When emotionally stressful incidents strike Penn, student group leaders must try their best to help their members. This often means deciding whether or not to cancel meetings or offer alternative events to support members, as well as negotiating between putting up a strong front or openly discussing their vulnerabilities — all while processing the traumatic news themselves.
College senior and Chi Omega sorority Personnel Chair Carol Sandoval said that in response to student deaths and natural disasters, such as Hurricane Irma, she has held personnel hours for members to speak with her in groups or one-on-one.
When Wharton senior Henry Rogers died earlier this month, Sandoval held personnel hours in place of the sorority’s weekly chapter meeting. Members of Chi O also brought breakfast to the members of Rogers’ fraternity, Beta Theta Pi.
Beta member and Wharton sophomore Emilio Torres-Hamlin said after Rogers’ death, the chapter held a meeting that lasted almost three hours. Many students in the fraternity left campus to spend time together at a member’s house and scheduled social events in the following weeks were canceled.
Torres-Hamlin said spending time with other members during that period was extremely valuable.
“It’s very difficult dealing with something like that by yourself, having to deal with it internally,” he said. “But when you’re with a group of people like that, we were with each other for days on end, and it was just really helpful.”
International Affairs Association board member and Wharton junior Matt Simon said his fraternity, Sigma Alpha Mu, rushed to support Beta members after Rogers’ death. Members of Sigma Alpha Mu, known as “Sammy,” delivered flowers to the Beta house.
Earlier in the semester, College senior Nicholas Moya, who was a member of Sammy, died by suicide in his residence off campus.
"If any group is going to be there for [Beta], it should be [Sammy]," Simon said.
After Moya’s death, the Sammy house was filled with alumni and current members, but Simon said it was important for him to reach out to IAA members who were also affected. The IAA board decided to reach out to younger members offering support, but did not change its meeting schedule.
College junior Max Schechter, a peer counselor for student-run counseling group Penn Benjamins, said maintaining a regular meeting schedule following a traumatic event can help students maintain a sense of normalcy.
“In times of tragedy, it’s important for student groups to acknowledge it, but also to have a sense of normalcy,” he said. “If everything was canceled after a tragedy, I don’t know how much easier that would make it. A lot of times, people like to cope by distracting themselves and student groups and being involved in your passions is a great way to do that.”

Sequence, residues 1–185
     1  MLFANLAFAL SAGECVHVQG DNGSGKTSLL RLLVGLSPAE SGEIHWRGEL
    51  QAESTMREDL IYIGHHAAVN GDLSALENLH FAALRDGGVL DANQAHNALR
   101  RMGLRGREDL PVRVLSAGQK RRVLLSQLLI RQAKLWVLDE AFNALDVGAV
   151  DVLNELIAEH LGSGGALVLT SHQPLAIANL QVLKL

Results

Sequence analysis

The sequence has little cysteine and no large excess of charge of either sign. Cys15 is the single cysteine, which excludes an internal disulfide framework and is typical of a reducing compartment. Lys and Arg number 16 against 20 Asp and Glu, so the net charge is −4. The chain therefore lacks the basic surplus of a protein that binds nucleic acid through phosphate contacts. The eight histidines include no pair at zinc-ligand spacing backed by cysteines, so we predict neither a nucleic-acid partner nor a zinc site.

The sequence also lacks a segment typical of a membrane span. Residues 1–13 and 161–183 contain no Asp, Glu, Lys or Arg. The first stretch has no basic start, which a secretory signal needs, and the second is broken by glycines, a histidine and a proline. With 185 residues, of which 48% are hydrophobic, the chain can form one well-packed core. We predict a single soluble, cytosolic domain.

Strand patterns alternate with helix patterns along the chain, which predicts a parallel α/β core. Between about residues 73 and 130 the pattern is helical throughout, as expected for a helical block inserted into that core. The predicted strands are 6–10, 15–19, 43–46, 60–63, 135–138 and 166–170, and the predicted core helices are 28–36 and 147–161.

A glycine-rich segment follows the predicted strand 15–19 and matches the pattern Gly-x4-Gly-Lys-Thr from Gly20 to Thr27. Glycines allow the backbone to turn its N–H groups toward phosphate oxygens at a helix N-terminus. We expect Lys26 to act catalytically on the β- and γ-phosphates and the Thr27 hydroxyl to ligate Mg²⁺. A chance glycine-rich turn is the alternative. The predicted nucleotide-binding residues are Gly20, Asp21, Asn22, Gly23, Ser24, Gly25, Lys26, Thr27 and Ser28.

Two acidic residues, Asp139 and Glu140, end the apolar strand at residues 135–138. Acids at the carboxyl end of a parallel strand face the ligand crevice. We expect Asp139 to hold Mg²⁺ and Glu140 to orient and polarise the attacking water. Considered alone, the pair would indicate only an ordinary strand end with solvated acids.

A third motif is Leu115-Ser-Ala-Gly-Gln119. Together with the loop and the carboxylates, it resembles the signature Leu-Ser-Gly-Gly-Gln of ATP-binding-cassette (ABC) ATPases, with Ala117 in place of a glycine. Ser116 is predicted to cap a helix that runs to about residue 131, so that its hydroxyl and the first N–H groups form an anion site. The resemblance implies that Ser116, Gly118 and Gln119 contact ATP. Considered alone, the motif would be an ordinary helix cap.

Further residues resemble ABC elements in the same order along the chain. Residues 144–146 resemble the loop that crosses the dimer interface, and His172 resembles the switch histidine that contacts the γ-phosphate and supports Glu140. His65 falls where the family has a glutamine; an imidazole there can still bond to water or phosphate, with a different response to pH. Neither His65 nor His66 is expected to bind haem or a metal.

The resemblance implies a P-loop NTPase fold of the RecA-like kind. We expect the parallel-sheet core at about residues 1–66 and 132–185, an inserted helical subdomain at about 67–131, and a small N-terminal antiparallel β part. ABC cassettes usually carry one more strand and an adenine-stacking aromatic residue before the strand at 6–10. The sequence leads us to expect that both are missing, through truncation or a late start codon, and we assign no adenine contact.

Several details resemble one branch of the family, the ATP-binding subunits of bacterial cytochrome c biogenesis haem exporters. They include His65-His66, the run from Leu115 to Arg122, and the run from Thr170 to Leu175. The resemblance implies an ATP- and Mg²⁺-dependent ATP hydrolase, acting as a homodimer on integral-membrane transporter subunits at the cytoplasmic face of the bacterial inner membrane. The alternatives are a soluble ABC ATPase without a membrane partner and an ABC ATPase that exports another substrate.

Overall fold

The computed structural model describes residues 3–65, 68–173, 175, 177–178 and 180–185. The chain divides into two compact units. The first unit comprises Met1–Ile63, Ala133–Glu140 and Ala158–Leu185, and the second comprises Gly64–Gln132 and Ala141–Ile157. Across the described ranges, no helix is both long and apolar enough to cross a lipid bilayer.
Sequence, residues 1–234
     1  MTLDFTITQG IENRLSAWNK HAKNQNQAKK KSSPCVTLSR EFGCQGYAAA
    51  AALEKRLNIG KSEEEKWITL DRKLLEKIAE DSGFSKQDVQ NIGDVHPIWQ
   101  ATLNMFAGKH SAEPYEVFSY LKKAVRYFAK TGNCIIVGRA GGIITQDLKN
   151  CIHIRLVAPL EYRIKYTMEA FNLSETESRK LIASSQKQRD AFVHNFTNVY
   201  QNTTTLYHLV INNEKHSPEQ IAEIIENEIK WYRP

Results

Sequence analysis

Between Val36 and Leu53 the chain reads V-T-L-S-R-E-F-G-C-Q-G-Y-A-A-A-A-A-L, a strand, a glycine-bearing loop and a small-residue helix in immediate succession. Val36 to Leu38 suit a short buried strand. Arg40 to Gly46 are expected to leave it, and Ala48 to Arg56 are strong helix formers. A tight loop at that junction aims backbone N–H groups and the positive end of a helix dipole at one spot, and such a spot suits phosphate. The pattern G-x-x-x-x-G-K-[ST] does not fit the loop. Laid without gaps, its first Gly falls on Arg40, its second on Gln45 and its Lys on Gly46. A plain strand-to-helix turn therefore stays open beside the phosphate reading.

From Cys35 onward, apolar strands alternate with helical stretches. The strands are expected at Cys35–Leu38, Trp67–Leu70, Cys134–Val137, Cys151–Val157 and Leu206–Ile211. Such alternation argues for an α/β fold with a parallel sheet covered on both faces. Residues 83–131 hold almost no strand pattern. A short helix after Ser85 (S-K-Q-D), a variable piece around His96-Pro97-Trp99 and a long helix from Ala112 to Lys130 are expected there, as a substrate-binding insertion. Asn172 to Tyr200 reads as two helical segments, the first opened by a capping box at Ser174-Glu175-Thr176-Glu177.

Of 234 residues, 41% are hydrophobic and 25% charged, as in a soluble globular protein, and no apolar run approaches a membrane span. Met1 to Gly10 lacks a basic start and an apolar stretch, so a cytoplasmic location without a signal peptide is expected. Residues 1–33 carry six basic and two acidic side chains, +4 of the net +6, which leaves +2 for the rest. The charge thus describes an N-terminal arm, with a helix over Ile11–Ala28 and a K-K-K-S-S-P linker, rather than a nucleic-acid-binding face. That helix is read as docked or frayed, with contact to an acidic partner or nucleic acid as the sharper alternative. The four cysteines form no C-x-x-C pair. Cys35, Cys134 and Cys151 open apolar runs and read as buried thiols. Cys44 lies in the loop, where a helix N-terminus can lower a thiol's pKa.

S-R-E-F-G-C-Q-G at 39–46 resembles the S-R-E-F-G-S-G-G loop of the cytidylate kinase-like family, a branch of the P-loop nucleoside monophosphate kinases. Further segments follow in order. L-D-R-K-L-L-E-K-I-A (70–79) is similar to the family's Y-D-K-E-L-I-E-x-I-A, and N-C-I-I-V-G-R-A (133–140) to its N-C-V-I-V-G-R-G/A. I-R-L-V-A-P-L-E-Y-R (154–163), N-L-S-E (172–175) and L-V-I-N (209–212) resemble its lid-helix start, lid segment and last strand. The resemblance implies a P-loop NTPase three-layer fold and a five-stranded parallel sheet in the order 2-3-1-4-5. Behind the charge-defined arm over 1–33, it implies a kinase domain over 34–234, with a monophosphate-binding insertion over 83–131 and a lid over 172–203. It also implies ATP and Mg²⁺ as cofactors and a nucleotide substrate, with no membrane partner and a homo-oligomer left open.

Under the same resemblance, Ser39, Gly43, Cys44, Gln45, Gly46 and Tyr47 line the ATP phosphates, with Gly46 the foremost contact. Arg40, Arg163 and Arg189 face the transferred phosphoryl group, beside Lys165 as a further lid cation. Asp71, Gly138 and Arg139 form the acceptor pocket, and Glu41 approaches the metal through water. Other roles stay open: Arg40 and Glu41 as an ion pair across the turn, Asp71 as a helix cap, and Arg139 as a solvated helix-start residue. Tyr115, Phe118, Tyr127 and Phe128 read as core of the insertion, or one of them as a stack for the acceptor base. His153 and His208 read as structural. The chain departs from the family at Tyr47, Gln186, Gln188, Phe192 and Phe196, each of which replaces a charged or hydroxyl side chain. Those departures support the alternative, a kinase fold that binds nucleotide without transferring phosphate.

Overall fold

Student leaders said they also reach out after events that might make members feel uncertain or fearful.
Sandoval, who was the chair of admissions for the Latinx Coalition last year, said that cultural groups had a strong reaction to an incident in November 2016 when black freshmen students were added to a GroupMe that contained racially explicit threats.
“As one of the sister cultural houses in ARCH, La Casa Latina was very supportive and we hosted several workshops on how to combat these issues and how to be there for one another as people of color,” Sandoval said. “As minorities on this campus, it was very important to show that solidarity within our communities."
The GroupMe incident came only days after the 2016 presidential election, when President Donald Trump’s upset victory over Hillary Clinton shocked many at Penn and elsewhere. In the days following Trump’s victory, some professors canceled classes and postponed exams — many expressing concern for students’ mental and physical well-being after a long, drawn-out election night.
Queer Student Alliance Communication Chair and College sophomore Amber Auslander said after the election, QSA held an extended discussion on how the Trump administration’s policies “could affect individual lives going forward.”
Payal Sharma, a visiting lecturer in the Wharton School who studies how stressors impact leaders and teams, said leaders should talk with members about what they would find most helpful, and emphasized the value of “cultivat[ing] meaningful, genuine ties.” Sharma added that leaders should consider the signals they send to members after difficult events.
“Sometimes I think the broader question becomes, ’What do we expect of our leaders?’” she said. “Do we want them to be strong and fearless when it comes to these events and the aftermath? But then I think, on the other hand, do we want our leaders to be bulletproof and to convey that we can continue as if everything’s fine? And I don’t know that it’s an either/or decision — I think it might be a balance of both.”
“I tend to think that there’s some value in leaders accepting their own vulnerability," she said. "That’s how you form a connection to other people, and maybe that’s how you offer support.”
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